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Pat "Greywolf" sure knew his way around a torque wrench and pretty much any tools and test equipment, so sometimes I take/prefer real world experience over a service manual or lawyer talk. There has been MANY here who have torqued to spec and had the rear axle gall, the spec is simply too high and not necessary. I've marked every single axle nut I've installed "on 3 Stroms" since reducing the torque and applying anti seize, I haven't had so much as any discernable movement of the nut. I don't change out the oil drain plug crush washers or use a torque wrench to "snug" the drain plug bolt.....NEVER so much a drip or stripping of theads. :)
 
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Big B, as I said in my last post's opening statement, "Just my experience here." Yours may vary.
But I base my experience on hundreds, if not thousands of vehicles over a 4+ decade career, both 4-wheeled and two.
Just so you know, the only hero Ive had in my life is my dad, who at age 92+ is still with us...:)
 

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A thousand chain adjustments and tyre changes later I did not even know what a galled axle nut was until I joined this forum.
After a wet and muddy ride I would be out in the rain washing the bike down and spraying it liberally with WD40 (wiping the brake discs clean) before putting it away. To not do so was to find a disaster in a weeks time.
Perhaps its also because I ALWAYS smear every axle and thread with a smear of grease or coppercote before reassembly.
I have never galled or had to replace a nut, and never had issues removing the axle from a wheel. I do not use a torque wrench.
 

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Brockie, maybe you have a light touch or a calibrated arm. The ones Ive had seized were torqued by gorillas who would stand on the breaker bar while tightening, thinking to do otherwise would lead to instant death and destruction. I use a torquewrench because I have them, I know they are calibrated, trust the wrench more than my arm depending on time of day and physical condition. And...why wouldnt I use one?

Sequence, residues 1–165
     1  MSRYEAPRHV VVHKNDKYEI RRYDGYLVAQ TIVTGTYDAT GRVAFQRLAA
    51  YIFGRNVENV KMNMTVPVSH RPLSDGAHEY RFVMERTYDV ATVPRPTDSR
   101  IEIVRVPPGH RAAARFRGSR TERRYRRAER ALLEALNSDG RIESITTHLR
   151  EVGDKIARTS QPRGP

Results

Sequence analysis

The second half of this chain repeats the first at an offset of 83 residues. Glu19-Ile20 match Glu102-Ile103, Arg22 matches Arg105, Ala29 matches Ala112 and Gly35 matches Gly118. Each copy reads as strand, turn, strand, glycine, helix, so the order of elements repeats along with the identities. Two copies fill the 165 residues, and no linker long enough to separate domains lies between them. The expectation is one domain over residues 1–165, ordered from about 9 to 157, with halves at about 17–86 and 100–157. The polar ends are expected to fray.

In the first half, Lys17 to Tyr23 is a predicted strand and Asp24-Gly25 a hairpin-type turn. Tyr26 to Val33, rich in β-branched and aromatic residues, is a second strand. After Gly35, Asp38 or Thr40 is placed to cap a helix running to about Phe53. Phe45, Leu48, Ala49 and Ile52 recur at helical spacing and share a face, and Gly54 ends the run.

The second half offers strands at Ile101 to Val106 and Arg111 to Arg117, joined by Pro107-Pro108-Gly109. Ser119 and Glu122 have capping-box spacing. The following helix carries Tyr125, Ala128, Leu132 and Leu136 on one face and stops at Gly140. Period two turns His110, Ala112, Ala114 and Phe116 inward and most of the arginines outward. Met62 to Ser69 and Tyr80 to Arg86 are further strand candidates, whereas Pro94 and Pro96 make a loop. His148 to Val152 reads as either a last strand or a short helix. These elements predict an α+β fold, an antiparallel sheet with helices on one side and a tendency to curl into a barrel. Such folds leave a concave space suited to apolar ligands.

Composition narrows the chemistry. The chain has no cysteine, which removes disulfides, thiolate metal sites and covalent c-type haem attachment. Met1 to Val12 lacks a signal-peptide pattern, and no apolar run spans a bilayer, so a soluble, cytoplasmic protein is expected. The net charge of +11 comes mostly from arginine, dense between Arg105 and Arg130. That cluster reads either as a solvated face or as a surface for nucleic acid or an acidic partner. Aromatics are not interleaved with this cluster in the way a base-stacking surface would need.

I smear coppercoat on the axle so it doesnt stick in the wheel bearing inner races. I've had to beat out a few axles where this wasnt done. But on my bikes and friends whose bikes Ive serviced from the get-go, Ive never had a galled axle.
 

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If you are using an anti-seize product make sure its not graphite since it may cause galvanic corrosion. Not sure what grade of stainless steel Suzuki is using for the axle and the axle nut and that could be part of the problem. If anyone has a metallurgist buddy see if he can determine what SS grade is being used for the axle nut.
 

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Hi guys, mine is a 2017. I only did one chain adjustment so I've only loosened the bolt once. After reading this thread I went out there to check it out and it loosened up with no trouble but I did apply the anti-seize compound as added insurance for the future.
 

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I still don't believe the rear axle is stainless steel. It's highly magnetic. At least mine is. L2 650. Don't see it rust though. Spark test on the grinder may shed some light on the subject. Chinesium will keep you guessing. :unsure:


Grease works fine too as an anti seize. Seems like it's a good idea to grease the whole rear axle so it doesn't get stuck in the wheel spacers and bearings.